• Frontline Plus (our standby)

Bathing and General Grooming

Pumis should be thoroughly brushed out weekly using a grooming rake and dematting tool if necessary to break up any mats in the fur. See Abiqua Dogs grooming page for product suggestions and full grooming instructions: http://www.abiquadogs.com/pumi/grooming.htm. Since Pumik do not shed they need to be trimmed periodically. The frequency depends on how much plucking of hair vs. trimming with scissors and the type of activities your dog does. I find that I like to trim the whole coat and face at least monthly and I may do quick touch ups in between.

Frequency of bathing your Pumi will be dependent on the activities they are doing and the need to get them clean. Bathing every 2 or 3 months is probably a fine goal. More frequent bathing could strip oil from the skin and texture from the coat. We recommend washing the face with gentle tear-free shampoo. Also a mild shampoo for the rest of the coat such as an oatmeal based dog shampoo is recommended. In a pinch baby shampoo could be used. Do not use doggie conditioner or other coat softening products.

Nails should be trimmed every 2 weeks and hair clipped from between the pads monthly.

Ears should also be cleaned monthly and in conjunction with the bath. Using a cotton ball soaked in alcohol free pet ear cleaner is the best way to go. Our current favorite product is Vet’s Best Ear Relief Wash. Use a dry cotton ball to clean up an excess liquid.

Other Household Necessities

Especially during puppyhood and potty training you’ll need a cleaner and deodorizer on hand to deal with any accidents. We are fans of Nature’s Miracle products for all sorts of clean ups.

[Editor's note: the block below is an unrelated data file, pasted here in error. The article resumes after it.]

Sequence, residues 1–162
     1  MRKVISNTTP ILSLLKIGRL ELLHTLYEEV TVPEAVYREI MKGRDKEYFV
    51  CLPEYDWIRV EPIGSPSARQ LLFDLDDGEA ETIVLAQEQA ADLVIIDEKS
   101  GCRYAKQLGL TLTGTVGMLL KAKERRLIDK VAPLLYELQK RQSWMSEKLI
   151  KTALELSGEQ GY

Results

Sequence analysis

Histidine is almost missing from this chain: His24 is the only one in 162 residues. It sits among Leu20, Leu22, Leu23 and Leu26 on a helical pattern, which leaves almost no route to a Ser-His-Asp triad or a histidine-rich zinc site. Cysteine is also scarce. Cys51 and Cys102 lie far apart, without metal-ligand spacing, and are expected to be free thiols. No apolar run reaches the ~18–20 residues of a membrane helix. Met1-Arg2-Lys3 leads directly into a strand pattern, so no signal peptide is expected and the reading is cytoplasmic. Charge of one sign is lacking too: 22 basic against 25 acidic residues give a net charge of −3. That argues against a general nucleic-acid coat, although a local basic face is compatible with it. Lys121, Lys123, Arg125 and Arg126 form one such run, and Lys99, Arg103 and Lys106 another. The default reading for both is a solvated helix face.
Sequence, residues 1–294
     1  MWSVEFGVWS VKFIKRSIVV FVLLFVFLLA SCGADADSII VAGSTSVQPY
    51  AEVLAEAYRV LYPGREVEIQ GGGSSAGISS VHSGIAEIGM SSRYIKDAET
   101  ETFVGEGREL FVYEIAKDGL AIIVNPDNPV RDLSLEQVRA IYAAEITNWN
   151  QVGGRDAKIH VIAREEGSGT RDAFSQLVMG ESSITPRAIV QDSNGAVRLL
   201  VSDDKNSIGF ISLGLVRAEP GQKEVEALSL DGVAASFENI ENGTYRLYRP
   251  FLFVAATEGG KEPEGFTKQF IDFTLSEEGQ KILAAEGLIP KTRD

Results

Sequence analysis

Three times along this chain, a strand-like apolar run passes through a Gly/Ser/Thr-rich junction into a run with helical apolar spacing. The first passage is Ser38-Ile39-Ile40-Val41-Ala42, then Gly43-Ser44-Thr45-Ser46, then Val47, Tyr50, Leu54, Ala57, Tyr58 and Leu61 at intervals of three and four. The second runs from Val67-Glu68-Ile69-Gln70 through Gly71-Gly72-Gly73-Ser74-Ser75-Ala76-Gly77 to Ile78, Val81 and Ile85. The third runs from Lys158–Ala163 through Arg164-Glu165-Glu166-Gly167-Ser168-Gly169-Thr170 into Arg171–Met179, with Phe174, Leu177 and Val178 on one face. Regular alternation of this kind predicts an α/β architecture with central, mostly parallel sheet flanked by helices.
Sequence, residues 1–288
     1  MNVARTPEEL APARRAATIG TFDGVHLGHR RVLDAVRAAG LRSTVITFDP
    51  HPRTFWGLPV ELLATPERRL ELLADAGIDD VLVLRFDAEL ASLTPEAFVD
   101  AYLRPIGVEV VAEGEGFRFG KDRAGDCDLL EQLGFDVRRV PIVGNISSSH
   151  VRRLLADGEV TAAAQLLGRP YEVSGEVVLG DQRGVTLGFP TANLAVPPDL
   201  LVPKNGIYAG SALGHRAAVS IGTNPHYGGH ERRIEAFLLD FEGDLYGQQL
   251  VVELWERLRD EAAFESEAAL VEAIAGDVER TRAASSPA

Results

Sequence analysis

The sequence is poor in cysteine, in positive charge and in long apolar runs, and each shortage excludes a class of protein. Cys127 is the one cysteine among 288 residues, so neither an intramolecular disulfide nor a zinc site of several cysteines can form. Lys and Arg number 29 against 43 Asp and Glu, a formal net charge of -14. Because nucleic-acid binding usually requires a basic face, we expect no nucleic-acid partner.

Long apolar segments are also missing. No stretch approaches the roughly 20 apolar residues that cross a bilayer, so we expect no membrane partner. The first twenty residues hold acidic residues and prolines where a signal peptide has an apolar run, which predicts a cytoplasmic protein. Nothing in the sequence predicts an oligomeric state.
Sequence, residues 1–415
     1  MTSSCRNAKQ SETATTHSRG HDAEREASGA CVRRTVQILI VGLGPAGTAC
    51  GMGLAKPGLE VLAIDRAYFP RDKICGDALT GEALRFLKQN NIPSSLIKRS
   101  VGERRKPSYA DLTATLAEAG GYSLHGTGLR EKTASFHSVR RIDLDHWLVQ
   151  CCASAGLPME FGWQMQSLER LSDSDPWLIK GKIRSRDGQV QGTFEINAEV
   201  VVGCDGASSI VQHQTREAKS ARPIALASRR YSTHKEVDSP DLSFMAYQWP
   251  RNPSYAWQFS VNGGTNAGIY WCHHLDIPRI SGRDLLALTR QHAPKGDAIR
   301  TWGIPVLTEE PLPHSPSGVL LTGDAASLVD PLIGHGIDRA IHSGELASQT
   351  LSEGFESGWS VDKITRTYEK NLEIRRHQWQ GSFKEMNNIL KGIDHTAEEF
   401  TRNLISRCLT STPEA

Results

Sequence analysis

To deter chewing on furniture, rugs, and anything else you don’t want the puppy to chew on we recommend Bitter Apple spray.

Where to Buy Your Supplies

Most of the items we recommend can be found at specialty pet stores, such as Petco, Petsmart, etc. However, many of the items can be found much more cheaply online. Some of our favorite online retailers are:

  • www.chewy.com (for food; orders over $49 ship for free)
  • www.amazon.com (Prime and Prime Fresh can give significant discounts on food with fast delivery)
  • www.petedge.com (for grooming tools, shampoos, kennel pads, and most general supplies)
  • www.kvsupply.com (for health supplements and flea protection)

Online Information about Living With and Training Pumis

There are a number of online resources where you can find out more information about Pumi and/or share experiences with other Pumi owners. Here are just a few.

www.pumiclub.org: This is web site for the Hungarian Pumi Club of America. As well as information on the history and health of the breed it also gives access to the archives of the quarterly newletter for club members.

http://www.pumiworld.hu/en/about-en.html: The web site from Szurkebarat kennel in Hungary. Although they are retired from breeding, the site is still a wealth of historical information on Pumis.

https://www.facebook.com/groups/639888109381261/: The US Pumi Lovers group on Facebook is a great way to connect with and share experiences with other Pumi owners in the US.

https://www.facebook.com/groups/172210449558582/: This is an international group of Pumi owners who participate in agility, obedience, and other activities. We have some good discussions on training and behavior in this group.

https://mayaludogs.com/:  Keep an eye on our blog too. As well as updates on the MayaLu’s Pumi family I do post training articles that I’ve written from time to time.